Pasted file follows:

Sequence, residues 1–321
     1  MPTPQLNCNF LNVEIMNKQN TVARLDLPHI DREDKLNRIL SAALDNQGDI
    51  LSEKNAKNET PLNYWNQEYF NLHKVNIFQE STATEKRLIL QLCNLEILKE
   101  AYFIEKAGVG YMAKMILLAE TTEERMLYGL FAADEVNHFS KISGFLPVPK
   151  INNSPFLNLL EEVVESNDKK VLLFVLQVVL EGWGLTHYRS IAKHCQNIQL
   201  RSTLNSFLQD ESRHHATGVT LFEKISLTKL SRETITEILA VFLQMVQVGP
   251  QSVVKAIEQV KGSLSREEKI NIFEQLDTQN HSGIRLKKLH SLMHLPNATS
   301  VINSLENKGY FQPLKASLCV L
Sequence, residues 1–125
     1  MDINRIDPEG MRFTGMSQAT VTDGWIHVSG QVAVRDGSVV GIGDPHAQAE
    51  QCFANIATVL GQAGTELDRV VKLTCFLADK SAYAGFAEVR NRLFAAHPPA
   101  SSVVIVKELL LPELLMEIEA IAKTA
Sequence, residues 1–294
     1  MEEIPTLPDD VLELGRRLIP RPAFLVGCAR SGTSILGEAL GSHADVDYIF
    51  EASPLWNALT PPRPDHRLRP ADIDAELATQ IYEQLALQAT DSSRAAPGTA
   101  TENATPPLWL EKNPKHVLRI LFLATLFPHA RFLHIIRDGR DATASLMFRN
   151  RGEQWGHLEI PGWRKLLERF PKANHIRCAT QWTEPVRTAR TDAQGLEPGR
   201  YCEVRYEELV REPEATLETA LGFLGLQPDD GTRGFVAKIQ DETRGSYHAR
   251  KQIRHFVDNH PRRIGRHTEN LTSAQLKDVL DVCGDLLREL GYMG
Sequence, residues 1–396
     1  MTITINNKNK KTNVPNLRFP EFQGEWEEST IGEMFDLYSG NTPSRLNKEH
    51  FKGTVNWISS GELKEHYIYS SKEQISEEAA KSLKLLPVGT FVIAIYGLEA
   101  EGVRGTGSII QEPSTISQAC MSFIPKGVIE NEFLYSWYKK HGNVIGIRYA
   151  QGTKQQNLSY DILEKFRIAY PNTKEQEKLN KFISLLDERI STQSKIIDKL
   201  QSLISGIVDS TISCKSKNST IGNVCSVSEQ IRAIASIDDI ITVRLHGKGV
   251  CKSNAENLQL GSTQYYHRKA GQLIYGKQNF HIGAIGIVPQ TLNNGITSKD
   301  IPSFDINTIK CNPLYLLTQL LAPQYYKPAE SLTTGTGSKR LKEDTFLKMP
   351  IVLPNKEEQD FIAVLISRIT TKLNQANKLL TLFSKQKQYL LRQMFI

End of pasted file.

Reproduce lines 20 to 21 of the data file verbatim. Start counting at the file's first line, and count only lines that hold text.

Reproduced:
Sequence, residues 1–396
     1  MTITINNKNK KTNVPNLRFP EFQGEWEEST IGEMFDLYSG NTPSRLNKEH